November 2, 2017

When in Bali, all guards pertaining to price and scrutiny are lifted. Mostly because it’s a holiday and a large majority will fork out a sum if the experience lives up to the slated cuisine sold. So here I was, getting schooled on the principles of Peruvian cuisine in Bali. What are the odds? AYA Street, the newest Peruvian restaurant in Petitenget is all about the classics, at the same time drawing inspiration from the streets, pairing the much needed visual stimulation of any successful food and beverage business in Bali (think Motel Mexicola and Da Maria) with an ode to Peruvian-Asian gastronomy. Needless to say, the space is gorgeous and expansive, the entrance begins with an open patio housing the rowdiest bunch, with most of them gravitating towards the South American inspired drinks menu touting tipples rich in mezcal and tequila.


Dinner there began with a bowl of fish soup. Aromatic warm broth rich with the flavours of the sea was a complex starter that piqued the palate. Almost akin to stepping into an Omakase dining experience, the dish preps you for the onslaught of dishes to follow. The heat from the open kitchen though, not so humorous, especially after a hike through the chaotic streets. The beauty of the inceptions lies in the fact that AYA Street dishes out a cuisine doled as Peruvian Asian—a soulful blend of indigenous Inca culture with ingredients and elements sourced from Asia. One dish in and I was sold. The kitchen continued to roll out the punches, the open kitchen experience engaging the senses and despite its heated meanderings, showcasing the vibrant personality and driven culinary direction of Chef Marco Cuevas.


There was a fried rice dish, Chaufa Ayahuasca that in a nutshell can be described as Peruvian Nasi Goreng, served at exactly the right temperature. A convivial mix of seafood, pork belly, roasted chicken, pok chow and oyster sauce, the end product was one that reaped wok-fried goodness, the aromatic bowl deserving of a host of teary harp-playing angels hovering overhead. That being said, I don’t even revel in carbs. Then the Una Nikkei Causa appears. Mashed potatoes with a slight Asian inclination—tuna tartare overhead, wakame, tobiko, avocado and wasabi mayo. It’s good. It’s also stokingly rich. I defied myself of the goodness only to see myself inching for the spoon for return visits during the short span of its table occupancy.

Then there were the drinks. The only negative is the referencing to the classics when its evident that the general public does not give two hoots about its original inspiration. D’face (Dark and Stormy), Booty Call (Mule), De Fern&ez (Old Fashioned). Whateves. My D’face was solid gold, pure pressed ginger juice meets fresh lime, sumbawa black honey, sugarcane liquor and local soda water. The spices nestled in a spooned out lime half set ablaze for extra theatrics. It’s cute, it’s cheery and cheap but more importantly, it lived up to the appearance touted by tourists as a ‘beach-side cocktail’ lessen the cliched likes of a Pina colada or Mojito. Way to go AYA Street.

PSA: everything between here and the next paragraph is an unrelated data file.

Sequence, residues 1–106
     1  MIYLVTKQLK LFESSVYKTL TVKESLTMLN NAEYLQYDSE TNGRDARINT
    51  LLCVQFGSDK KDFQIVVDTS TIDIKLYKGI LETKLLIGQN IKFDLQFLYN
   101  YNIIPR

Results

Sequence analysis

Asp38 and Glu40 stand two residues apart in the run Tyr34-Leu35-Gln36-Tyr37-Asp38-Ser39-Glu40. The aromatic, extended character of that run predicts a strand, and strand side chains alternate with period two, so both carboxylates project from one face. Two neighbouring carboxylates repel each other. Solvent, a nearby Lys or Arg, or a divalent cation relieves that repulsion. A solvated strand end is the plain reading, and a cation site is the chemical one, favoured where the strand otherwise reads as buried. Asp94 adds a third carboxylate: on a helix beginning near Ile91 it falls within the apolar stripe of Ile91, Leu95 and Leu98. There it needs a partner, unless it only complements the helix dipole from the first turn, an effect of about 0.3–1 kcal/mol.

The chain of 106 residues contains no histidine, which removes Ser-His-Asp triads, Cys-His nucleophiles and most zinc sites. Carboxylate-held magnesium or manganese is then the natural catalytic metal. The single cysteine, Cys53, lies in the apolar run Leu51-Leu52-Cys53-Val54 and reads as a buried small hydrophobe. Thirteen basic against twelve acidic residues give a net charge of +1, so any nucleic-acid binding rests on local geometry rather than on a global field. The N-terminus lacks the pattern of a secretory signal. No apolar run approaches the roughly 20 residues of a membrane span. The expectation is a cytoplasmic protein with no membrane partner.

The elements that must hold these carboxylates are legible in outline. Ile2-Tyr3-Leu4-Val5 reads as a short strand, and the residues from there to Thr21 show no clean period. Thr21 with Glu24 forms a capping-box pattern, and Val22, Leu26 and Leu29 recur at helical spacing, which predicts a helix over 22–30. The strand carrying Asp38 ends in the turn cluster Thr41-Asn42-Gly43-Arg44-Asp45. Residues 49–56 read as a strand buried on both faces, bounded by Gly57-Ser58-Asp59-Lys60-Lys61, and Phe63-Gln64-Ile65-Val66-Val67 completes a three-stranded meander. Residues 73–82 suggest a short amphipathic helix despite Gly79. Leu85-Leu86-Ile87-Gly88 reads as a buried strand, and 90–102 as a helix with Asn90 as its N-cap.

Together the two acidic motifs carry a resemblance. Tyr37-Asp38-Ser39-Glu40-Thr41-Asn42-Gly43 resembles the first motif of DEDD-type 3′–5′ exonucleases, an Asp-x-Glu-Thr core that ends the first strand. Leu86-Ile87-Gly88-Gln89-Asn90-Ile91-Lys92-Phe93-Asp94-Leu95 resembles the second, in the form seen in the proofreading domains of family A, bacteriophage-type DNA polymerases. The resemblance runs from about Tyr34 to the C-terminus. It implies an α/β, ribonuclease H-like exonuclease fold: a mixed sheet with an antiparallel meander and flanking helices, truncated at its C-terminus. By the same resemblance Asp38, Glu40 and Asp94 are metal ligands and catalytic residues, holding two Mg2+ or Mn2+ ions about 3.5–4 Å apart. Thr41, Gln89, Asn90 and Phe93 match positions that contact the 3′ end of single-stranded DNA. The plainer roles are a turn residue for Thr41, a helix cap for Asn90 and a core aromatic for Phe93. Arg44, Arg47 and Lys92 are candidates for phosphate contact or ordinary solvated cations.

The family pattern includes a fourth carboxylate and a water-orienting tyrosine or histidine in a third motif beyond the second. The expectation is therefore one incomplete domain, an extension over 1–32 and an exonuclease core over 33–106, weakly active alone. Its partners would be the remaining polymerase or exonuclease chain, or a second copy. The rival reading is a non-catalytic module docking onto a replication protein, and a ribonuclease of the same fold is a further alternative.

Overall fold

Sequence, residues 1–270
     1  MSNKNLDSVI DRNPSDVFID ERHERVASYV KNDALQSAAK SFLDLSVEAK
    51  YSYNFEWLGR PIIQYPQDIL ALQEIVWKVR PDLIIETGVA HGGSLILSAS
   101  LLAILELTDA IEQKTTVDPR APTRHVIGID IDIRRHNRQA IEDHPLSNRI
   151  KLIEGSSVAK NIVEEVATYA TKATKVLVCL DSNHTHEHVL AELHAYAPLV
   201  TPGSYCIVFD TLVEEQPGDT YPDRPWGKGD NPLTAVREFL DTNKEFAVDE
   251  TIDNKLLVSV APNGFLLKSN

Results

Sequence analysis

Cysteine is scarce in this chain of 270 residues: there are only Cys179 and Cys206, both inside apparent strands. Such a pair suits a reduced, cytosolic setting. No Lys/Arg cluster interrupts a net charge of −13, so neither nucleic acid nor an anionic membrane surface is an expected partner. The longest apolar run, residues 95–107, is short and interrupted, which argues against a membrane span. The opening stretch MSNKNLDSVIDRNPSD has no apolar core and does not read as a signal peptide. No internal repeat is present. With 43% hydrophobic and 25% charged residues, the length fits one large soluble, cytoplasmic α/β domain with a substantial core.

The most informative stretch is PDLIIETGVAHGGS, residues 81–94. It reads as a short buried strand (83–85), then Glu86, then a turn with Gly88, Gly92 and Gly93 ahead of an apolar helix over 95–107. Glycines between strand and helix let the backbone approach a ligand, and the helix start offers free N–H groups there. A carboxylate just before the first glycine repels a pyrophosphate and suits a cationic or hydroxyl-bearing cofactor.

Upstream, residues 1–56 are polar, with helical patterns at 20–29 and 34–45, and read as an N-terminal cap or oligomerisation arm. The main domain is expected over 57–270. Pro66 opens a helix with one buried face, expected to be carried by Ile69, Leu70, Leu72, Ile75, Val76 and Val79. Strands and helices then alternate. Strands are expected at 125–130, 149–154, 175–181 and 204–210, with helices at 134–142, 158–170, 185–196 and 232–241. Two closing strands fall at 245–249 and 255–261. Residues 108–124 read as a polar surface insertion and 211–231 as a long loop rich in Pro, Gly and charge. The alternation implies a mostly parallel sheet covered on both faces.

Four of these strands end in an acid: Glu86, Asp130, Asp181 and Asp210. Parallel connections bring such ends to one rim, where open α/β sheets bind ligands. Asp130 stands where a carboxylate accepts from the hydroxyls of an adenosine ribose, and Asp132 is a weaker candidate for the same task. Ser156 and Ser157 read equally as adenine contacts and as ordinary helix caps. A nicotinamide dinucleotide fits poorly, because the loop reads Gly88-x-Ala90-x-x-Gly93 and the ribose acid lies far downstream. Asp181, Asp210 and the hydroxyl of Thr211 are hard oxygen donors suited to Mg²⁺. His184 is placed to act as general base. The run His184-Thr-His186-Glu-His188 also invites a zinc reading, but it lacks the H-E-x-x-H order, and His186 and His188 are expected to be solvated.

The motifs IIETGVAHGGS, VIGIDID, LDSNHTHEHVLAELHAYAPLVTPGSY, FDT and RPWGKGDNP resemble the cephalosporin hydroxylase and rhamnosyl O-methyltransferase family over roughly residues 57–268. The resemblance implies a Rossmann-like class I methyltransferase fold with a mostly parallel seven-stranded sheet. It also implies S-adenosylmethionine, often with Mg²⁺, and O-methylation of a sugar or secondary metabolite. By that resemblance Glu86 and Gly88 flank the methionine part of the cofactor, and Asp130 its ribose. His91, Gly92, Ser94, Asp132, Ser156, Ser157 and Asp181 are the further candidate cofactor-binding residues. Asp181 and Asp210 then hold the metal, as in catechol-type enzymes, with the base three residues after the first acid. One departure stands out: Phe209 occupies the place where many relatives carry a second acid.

Chef Marco prances across the kitchen and goes into a long narrative about the plate that was just set in front of you. It’s a blur. The dish is Novoandino – fish of the day and its an articulate display of the freshest barramundi (you can get a hold of whilst in Bali) set atop a bed of locro puree, quinotto, grilled asparagus and red paprika and chimichurri. Argue the semantics of Peruvian cuisine by all means, but I don’t detract from the appreciation of a fish dish done well. The crisp skin giving way to the succulent flesh, and the creamy melange rich in flavours of peanut butter does a passionate tango routine on the palate. I worked my way through the dish at snail’s pace, only to weep at its tragic disappearance off the plate (despite a full belly) at the end of it.


Dessert is Churros. It sticks to the South American script, conjuring wild dreams of rich hot chocolate sans the detrimental effects in the stifling heat. I thanked the lord for its calculative portions—deep fried sticks enriched with crunchy sugar that is best enjoyed drenched in a thick spiced chocolate sauce with a flicker of tanginess from the marmalade. I defy anyone who’s coming off a no-sugar diet to order this dessert; it makes you want to order a double portion for your personal indulgence. Yes, it’s so good, it forces you to congratulate the chef.

For the curious wanderers, the interiors of AYA can be a spectacle in itself. The walls guarding a carefully curated selection of street artwork ranging from Banksy to Jan Kaleb and many others. It pays to lift your eyes in appreciation of the wilfulness displayed on the walls, and this juxtaposition with the pertinacious nature of the cuisine makes me a convert. I for one was impressed.

The winds of change are blowing in the culinary scene in Bali, displacing the orthodox and bastardised western beach holiday cuisine (think burgers and poolside sandwiches) in favour of authentic cuisine at affordable pricing. AYA street, for instance, is at the forefront of the action. Bali go-ers, remember that name—AYA street.


AYA street
Jl. Petitenget No. 99 A, Seminyak 80361
+62 877-6302-9889